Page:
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SECURE 2.0 for Employers: A Guide to the Retirement Plan Auto-Enrollment Requirement

SECURE 2.0 for Employers: A Guide to the Retirement Plan Auto-Enrollment Requirement

On average, retirement plans with auto-enrollment see participation rates that exceed 90%, whereas plans with traditional opt-in enrollment have average rates of 28% among new hires. Auto-enrollment significantly enhances the success of retirement savers—and it’s set to become a mandatory feature for new retirement plans in the near future.

The SECURE Act 2.0 is a set of bipartisan legislation passed by Congress in December of 2022, aiming to boost retirement savings nationwide. Expanding upon the SECURE Act passed by Congress in 2019, it brings forth several changes that impact employers offering a retirement plan, including a requirement for auto-enrollment starting in 2025. This article will guide you through the auto-enrollment requirement, its implementation timeline, and what employers need to know.

What Is Auto-Enroll and When Will It Be Required for Retirement Plans?

Auto-enrollment is a feature that automatically enrolls eligible employees for their company’s retirement plan unless they actively choose to opt out.

Starting in 2025, new 401(k) and 403(b) plans established after the passing of SECURE 2.0 (December 29, 2022) must automatically enroll all eligible employees at a default contribution rate between 3 and 10% of their salary, unless an alternative rate is selected by the employee. The most common default deferral rate for plans with auto-enrollment is 6%, but employers can choose a rate anywhere from 3 to 10%.

The auto-enrollment requirement goes into effect on January 1, 2025, giving employers time to prepare and update their plans to comply with new regulations.

Which Businesses Are Impacted?

Businesses with a plan that was established after the enactment of SECURE 2.0 (December 29, 2022) must automatically enroll all eligible new hires, and existing eligible employees who have not already opted out of the plan.

There are a few types of organizations that will be exempt from the requirement:

  • Employers with a plan that was established before the enactment of SECURE 2.0 (December 29, 2022)
  • Some companies are exempt conditionally:
    • New companies that have been operating for less than three years
    • Businesses with 10 or fewer employees—until an 11th is hired

For guidance specific to your business’s particular circumstances, we recommend consulting with a financial advisor.

Automatic Escalation

In addition to auto-enrollment at a default contribution rate, plans must also automatically escalate contributions by 1% each year until they reach a predetermined rate by the employer, between 10 and 15%.

This means that each year, the contribution rate—either the default set by the employer or manually adjusted by the employee—will increase by 1% until it reaches the maximum contribution rate determined by the employer (between 10 and 15%).

For example, suppose a business starting a new 401(k) plan for its employees has chosen a 6% default contribution rate and a 12% maximum contribution rate. The deferral rate will increase by 1% each year until it reaches 12% and then will no longer automatically escalate.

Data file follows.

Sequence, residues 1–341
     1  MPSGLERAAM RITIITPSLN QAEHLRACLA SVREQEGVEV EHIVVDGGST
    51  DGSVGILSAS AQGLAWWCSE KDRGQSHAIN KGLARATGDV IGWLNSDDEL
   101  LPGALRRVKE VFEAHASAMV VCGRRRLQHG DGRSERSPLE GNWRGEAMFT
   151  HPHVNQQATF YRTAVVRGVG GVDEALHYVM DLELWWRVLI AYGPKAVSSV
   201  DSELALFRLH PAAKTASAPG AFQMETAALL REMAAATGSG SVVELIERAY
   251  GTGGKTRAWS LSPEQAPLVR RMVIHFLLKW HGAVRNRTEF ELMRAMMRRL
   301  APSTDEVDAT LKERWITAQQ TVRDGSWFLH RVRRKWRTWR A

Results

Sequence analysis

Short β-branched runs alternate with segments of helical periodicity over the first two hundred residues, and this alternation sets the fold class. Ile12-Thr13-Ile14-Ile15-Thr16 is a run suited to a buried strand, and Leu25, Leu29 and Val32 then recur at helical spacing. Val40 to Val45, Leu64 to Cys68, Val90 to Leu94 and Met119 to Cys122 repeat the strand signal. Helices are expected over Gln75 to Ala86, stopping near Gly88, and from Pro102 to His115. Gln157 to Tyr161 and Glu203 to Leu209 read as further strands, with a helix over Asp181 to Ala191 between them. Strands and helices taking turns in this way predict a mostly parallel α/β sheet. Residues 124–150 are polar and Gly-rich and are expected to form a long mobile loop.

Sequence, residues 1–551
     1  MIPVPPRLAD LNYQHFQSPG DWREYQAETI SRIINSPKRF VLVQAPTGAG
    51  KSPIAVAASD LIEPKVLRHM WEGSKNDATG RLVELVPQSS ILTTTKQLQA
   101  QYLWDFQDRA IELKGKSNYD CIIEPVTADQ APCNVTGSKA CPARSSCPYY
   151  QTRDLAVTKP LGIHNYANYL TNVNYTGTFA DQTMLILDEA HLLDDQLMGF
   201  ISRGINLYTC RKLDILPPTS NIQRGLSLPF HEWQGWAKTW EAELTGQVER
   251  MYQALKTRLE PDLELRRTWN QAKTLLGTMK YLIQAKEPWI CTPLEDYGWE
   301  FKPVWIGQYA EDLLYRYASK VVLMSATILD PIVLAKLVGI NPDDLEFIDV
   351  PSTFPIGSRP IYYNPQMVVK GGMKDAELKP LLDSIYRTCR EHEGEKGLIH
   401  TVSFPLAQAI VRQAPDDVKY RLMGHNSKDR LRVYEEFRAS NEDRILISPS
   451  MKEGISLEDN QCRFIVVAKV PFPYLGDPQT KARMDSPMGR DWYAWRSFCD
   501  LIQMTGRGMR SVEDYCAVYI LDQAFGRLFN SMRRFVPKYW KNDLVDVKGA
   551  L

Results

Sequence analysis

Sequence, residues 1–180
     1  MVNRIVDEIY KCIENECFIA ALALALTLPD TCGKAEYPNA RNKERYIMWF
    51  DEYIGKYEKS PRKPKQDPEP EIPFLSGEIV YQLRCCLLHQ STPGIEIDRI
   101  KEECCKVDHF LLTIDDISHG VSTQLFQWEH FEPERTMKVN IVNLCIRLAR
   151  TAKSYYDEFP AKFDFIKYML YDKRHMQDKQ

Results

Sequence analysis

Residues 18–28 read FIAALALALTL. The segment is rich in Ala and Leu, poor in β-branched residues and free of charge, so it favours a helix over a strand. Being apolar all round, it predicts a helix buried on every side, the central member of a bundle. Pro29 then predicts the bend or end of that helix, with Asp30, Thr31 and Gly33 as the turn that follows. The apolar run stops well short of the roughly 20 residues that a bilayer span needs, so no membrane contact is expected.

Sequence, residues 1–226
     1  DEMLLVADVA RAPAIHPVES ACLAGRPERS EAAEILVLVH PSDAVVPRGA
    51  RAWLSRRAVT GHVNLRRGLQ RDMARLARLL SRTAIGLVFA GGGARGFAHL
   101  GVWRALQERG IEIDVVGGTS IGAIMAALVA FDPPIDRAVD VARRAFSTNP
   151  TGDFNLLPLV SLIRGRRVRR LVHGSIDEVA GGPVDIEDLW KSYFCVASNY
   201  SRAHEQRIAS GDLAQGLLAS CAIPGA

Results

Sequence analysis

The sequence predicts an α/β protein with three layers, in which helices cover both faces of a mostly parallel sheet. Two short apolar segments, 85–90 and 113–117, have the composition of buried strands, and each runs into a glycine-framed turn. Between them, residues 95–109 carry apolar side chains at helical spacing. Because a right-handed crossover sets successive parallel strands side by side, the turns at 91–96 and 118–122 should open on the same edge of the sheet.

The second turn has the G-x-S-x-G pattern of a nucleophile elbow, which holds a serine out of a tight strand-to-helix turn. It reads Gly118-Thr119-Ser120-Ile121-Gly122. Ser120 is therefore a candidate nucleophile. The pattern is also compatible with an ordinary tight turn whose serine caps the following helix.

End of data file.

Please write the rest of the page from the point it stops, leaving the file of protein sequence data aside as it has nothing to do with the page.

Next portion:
Employee Contribution Rate6%7%8%9%10%11%12%

When establishing a retirement plan, a business must send a notice to employees explaining the plan details, including how to opt out or change the default contribution rate. Auto-enrolled employees must also have a 90-day window to reclaim their contributions without penalty. Many retirement plan providers will help you by sending these notices on your behalf.

Staying compliant with these new requirements will help businesses to stay up to date with the new legislation. Plus, implementing these changes will also encourage employee participation and help drive plan success.

What Employers Need to Do

Work with your service provider (third party administrator or recordkeeper) and financial advisor, if you have one, to ensure your plan aligns with the new requirements. Confirm with them that your plan documents are up to date and your employees have been informed.

The Benefits of Auto-Enrollment

The SECURE Act 2.0 requires auto-enrollment to enhance access to retirement savings and boost participation rates among employer-sponsored programs.

This legislation aims to address common barriers to retirement savings. Employees may not sign up because they perceive onboarding to be time-consuming, they have an “I’ll do it later mindset,” or they don’t want to defer a portion of their pay. Auto-enrollment simplifies the process and shifts the dynamic, making opting in the default choice for employees instead of opting out.

At Vestwell, we have encouraged our clients to include an auto-enrollment feature in their plan design ahead of the auto-enrollment requirement. Providing businesses with a future-facing retirement plan that both complies with legislative changes and encourages employees to participate gets us one step closer to reaching our mission of closing the savings gap.


The SECURE Act 2.0 represents an exciting shift towards a more inclusive approach to retirement savings. With increased participation rates and higher default contribution amounts, more employees will participate in their company’s retirement plan and will save more for their future. For employers, meeting these new requirements shows a commitment to the financial well-being of your team by encouraging them to save more.

At Vestwell, we work with employers of all sizes to build a retirement plan that not only aligns with their business and employees’ specific needs but also sets them up for future success. With our Secure Act 2.0 Tax Credit Calculator, you can see what tax credits may be available to you.

Ready to set up a 401(k) plan for your business?